All clubs have to comply with the COVID-19 regulations at training in order for league return date to be set
Local softball clubs’ ability to prove that they can abide by COVID-19 regulations at training is the only thing that is holding the sport from returning to competitive events, Gazette Sport has learnt.
Softball, along with other sporting codes has been inactive for almost five months due to measures that were introduced to curb the spread of the deadly COVID-19 pandemic earlier this year. However, after months of hibernation, the sport has been given the green light to resume with competitions (without spectators) by the Botswana National Sport Commission (BNSC).
“For us to return to competitive events, all clubs have to comply with the COVID-19 regulations training manual,” noted Botswana Softball Association (BSA) Sport Development Officer (SDO) Tebogo Johannes in an interview with this publication. “It is worthy to note that they have to comply with those regulations before they can also start with their training.”According to Johannes, as of date about three teams have been checked and are compliant to the regulations.
Meanwhile, the World Baseball Softball Confederation (WBSC) in June published a set of health and operational recommendations for the safe return of baseball and softball activity. The precautionary measures and recommendations- named “Safe Return to Baseball/Softball – COVID-19 Prevention Guidelines” – have been developed by the WBSC Medical Commission in accordance with the World Health Organization’s risk assessment tool and “Considerations for sports federations/sports event organizers when planning mass gatherings in the context of COVID-19”.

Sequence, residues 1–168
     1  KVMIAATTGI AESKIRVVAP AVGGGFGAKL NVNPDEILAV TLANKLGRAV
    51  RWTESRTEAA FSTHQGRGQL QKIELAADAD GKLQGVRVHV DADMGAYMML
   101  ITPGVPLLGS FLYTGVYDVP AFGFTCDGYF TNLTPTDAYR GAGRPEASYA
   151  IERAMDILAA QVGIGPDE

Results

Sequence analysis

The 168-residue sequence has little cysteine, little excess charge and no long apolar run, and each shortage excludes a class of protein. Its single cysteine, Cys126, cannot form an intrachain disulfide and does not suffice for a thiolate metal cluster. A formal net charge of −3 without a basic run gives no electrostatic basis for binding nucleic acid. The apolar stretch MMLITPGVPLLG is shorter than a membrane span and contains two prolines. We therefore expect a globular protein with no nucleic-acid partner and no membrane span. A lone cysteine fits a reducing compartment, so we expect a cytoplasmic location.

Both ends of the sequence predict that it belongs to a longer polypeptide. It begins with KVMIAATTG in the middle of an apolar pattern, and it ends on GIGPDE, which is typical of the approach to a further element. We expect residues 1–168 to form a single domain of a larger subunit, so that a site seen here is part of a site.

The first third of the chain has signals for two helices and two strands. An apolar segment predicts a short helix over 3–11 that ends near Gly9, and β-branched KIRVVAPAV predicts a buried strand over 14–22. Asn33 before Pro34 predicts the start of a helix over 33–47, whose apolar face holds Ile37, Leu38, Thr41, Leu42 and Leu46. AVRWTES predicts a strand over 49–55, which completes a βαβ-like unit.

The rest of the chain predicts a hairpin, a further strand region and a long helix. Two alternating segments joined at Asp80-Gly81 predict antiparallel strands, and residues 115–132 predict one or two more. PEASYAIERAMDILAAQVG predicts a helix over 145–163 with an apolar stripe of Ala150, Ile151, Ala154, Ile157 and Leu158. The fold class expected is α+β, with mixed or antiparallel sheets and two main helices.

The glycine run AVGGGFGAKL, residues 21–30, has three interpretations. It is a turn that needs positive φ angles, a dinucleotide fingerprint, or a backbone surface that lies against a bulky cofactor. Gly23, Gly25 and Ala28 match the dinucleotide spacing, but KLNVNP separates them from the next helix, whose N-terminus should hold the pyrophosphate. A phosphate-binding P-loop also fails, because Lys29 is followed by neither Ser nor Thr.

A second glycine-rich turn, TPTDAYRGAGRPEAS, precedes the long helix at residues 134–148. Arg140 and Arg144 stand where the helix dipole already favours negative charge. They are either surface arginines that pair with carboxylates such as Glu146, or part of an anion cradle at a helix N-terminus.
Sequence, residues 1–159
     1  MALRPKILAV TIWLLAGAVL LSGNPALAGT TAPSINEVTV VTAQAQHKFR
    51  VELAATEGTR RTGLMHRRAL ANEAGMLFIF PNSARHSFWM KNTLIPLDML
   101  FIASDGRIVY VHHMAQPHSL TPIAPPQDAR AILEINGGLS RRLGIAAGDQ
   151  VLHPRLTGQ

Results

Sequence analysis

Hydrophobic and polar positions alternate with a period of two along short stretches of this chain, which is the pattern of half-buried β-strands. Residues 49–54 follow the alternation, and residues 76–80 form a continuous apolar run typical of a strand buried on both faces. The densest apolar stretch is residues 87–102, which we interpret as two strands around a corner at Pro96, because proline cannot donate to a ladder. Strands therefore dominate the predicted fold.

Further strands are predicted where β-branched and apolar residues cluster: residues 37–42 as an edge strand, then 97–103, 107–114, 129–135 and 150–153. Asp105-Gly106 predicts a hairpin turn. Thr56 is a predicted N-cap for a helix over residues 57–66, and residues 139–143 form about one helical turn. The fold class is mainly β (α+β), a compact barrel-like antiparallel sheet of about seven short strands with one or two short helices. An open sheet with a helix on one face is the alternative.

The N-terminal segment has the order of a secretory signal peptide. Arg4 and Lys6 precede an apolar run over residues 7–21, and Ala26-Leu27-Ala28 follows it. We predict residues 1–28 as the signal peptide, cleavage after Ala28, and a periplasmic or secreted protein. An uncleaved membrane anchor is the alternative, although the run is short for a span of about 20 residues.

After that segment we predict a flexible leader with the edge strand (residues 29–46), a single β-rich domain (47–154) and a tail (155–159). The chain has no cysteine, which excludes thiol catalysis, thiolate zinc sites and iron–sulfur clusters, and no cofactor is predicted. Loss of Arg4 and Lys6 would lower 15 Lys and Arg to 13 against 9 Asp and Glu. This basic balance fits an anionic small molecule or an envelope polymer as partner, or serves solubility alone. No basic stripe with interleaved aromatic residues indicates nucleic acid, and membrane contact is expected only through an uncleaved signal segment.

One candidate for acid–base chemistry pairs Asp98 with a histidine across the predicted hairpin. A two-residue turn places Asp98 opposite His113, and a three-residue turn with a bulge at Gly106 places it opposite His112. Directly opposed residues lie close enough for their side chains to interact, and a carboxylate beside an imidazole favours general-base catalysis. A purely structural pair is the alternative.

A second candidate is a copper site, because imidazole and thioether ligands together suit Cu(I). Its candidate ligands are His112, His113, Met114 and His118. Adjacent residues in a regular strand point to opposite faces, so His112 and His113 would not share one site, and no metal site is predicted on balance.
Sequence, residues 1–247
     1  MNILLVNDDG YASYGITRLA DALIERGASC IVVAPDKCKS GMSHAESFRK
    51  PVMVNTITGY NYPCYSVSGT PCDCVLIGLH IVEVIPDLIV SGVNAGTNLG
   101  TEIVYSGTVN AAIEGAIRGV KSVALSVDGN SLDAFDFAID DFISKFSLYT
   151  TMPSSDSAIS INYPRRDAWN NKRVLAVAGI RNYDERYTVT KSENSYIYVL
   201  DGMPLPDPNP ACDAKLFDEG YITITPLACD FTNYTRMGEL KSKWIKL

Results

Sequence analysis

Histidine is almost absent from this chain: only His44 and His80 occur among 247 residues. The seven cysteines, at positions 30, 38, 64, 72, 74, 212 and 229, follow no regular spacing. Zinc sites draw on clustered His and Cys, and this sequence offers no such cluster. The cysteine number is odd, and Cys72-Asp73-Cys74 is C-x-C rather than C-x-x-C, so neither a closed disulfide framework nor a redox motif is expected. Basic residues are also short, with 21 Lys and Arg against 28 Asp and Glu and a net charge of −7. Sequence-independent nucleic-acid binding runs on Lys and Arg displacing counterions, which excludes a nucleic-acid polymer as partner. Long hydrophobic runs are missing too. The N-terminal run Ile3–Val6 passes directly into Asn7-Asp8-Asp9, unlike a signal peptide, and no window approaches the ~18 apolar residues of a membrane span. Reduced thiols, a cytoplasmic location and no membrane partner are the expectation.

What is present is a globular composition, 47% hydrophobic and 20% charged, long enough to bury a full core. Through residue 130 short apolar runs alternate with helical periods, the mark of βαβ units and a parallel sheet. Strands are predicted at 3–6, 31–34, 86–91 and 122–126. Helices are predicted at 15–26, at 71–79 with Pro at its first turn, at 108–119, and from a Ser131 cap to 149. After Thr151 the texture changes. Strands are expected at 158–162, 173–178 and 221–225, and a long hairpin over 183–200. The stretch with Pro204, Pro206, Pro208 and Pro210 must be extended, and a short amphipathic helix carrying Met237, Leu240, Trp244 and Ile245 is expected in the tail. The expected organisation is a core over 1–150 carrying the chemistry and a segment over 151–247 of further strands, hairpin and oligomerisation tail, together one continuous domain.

Recommendations by WBSC specific to softball games, to mitigate the risk of COVID-19 infections include: avoidance of equipment sharing by players, batters retrieving their own bat when possible and players (in particular pitchers), avoidance to lick their fingers. Some of the recommendations include the cleaning of bases every half inning and keeping a minimum physical distance of one metre in the dugout. WBSC nevertheless encouraged National Federations, leagues and other baseball/softball entities to develop their own specific written policies and operating protocols in coordination with their respective local health authorities before returning to competition.